Jupiter and The Star of Bethlehem
A couple of years ago, a U.S. astronomer said he had uncovered the first reference to the star of Bethlehem outside the Bible, in the 4th-century writings of a Christian convert who wanted to hide the astrological roots of the celestial phenomenon.
For centuries, scientists and scholars have debated about the nature of the Biblical light that led the Magi to the newborn Jesus. Some have suggested a comet or supernova.
But Michael Molnar concluded that the star was actually a double eclipse of the planet Jupiter roughly 2,000 years ago.
«The Mathesis», a book written in 334 A.D. by Firmicus Maternus, an astrologer of Constantine the Great, described the astrological event involving an eclipse of Jupiter by the Moon in the constellation of Aries (the sign of the Jews), and said that it signified the birth of a divine king.
And now, heralding the onset of Christmas, Jupiter is back in our skies, low in the west in the early evening.
It’s the largest planet in the Solar System, has a retinue of 63 satellites (at last count) and shields Earth from inbound comets. One of it’s moons, Europa, is suspected of haboring an ocean beneath its icy crust, one that has a very good chance of supporting life.
Jupiter is a spectacular planet when seen in a telescope, sporting two prominent cloud bands and its Great Red Spot, a cyclonic storm system three times the size of Earth that has blown across Jupiter for over 300 years. Glistening like diamonds, the four largest satellites orbit the planet in a matter of days in a never-ending dance. And, because we see those satellites edge-on, they alternately sail across Jupiter’s face, throwing dark shadows onto Jupiter’s clouds, or get eclipsed by Jupiter itself when they go behind the planet.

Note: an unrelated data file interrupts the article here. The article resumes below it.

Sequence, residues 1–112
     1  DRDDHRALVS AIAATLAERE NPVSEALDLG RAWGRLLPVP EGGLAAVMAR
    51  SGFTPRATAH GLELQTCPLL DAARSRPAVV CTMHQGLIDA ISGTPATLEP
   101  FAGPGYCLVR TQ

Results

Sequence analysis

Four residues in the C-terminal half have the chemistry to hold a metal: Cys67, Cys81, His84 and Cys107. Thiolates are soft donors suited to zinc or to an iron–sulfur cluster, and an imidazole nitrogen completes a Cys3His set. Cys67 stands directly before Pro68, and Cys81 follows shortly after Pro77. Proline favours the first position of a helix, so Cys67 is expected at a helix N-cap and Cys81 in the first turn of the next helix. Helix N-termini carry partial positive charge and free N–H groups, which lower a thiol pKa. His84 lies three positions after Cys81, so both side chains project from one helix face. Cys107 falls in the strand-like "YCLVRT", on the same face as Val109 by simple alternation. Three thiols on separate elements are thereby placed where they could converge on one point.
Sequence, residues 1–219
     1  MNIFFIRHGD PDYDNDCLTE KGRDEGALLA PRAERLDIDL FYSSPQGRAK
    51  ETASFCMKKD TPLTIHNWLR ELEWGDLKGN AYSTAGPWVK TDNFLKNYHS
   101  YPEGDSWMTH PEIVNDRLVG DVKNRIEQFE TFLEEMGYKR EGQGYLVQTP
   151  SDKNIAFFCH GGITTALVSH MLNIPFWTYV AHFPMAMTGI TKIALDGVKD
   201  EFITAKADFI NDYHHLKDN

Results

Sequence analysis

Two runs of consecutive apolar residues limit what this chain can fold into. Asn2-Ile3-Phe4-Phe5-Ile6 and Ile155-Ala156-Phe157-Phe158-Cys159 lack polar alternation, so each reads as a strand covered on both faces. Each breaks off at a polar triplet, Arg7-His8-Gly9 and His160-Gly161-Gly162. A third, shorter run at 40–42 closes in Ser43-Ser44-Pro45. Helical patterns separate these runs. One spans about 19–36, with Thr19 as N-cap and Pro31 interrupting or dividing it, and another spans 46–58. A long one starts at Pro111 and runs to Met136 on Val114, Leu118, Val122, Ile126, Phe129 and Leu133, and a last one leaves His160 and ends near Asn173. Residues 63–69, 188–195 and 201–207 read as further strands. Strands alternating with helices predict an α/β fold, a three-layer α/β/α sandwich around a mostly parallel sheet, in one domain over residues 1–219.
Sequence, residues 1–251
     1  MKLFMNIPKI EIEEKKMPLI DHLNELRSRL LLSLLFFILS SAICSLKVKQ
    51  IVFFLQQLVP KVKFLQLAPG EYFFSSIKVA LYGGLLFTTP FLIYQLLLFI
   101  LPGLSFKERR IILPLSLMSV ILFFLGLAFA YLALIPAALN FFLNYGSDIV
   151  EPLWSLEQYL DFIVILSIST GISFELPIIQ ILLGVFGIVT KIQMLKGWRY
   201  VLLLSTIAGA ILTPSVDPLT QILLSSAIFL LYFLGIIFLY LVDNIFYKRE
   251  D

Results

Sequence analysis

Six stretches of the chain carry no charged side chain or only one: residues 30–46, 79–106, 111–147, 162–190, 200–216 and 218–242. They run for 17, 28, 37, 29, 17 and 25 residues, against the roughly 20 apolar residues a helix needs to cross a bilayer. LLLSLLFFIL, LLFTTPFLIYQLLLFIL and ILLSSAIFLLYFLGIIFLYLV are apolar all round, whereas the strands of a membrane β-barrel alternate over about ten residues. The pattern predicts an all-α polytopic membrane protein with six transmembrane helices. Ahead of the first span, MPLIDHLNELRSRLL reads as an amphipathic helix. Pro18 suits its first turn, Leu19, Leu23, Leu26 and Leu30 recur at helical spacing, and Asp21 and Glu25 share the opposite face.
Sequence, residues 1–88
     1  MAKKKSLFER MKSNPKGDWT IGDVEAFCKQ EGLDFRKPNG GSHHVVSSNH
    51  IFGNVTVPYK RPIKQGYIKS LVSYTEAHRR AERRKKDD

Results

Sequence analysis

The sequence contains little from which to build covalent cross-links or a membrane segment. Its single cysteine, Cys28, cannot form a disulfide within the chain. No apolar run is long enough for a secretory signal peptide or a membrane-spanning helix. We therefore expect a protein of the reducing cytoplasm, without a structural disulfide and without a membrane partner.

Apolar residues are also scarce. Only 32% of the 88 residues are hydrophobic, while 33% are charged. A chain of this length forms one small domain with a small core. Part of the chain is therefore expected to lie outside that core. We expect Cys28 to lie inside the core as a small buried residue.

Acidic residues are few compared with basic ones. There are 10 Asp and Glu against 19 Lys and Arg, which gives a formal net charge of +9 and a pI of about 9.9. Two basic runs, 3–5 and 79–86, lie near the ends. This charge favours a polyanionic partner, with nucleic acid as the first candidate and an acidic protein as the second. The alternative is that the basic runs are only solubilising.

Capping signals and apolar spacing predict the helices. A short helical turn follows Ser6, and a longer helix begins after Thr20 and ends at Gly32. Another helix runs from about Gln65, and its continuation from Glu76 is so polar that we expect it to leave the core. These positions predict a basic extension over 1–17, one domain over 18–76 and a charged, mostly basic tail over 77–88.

Back in 1994, an incredible spectacle unfolded in that part of the solar system. An inbound comet was torn apart by Jupiter’s immense gravitational pull. 20 fragments separated into a line of beads, each with its own cometary tail. While that in itself was spectacular, Jupiter wasn’t finished with the comet. The immense planet pulled the comet in, and all 20 fragments plummeted into Jupiter’s atmosphere and detonated in the biggest explosions seen in recorded history. And they left their mark. Visible for weeks afterward, the dark impact blotches were visible in backyard telecopes. That one event gave nations across the world pause for thought. What if such en event had happened to Earth instead of Jupiter? In all probablity, it would have been an extinction level event. It was, in part, responsible for the blockbuster movies Armageddon and Deep impact.
People like looking at the Great Red Spot, especially when you consider its size — it could contain 3 Earths — and following the motions of Jupiter’s satellites which change on a daily basis. Because Jupiter’s satellites orbit in its equatorial plane, shadows from the satellites are frequently cast onto Jupiter itself. Binoculars will show Jupiter and its satellites, but you’ll need a telescope to see the Great Red Spot or the satellites’ shadows.
Some of the best astrophotgraphers (amateur astronomers with largeish telescopes and equipment for taking images through them) have taken some stunning views of Jupiter. And there are even time-lapse sequences which show the planet rotating, satellites crossing it and the odd shadow drifiting across Jupiter’s face.
So it’s fair to say that Jupiter and its environs is one pretty interesting place. But knowing what to look for, and when, is key to making the most of any Jovian observing experience.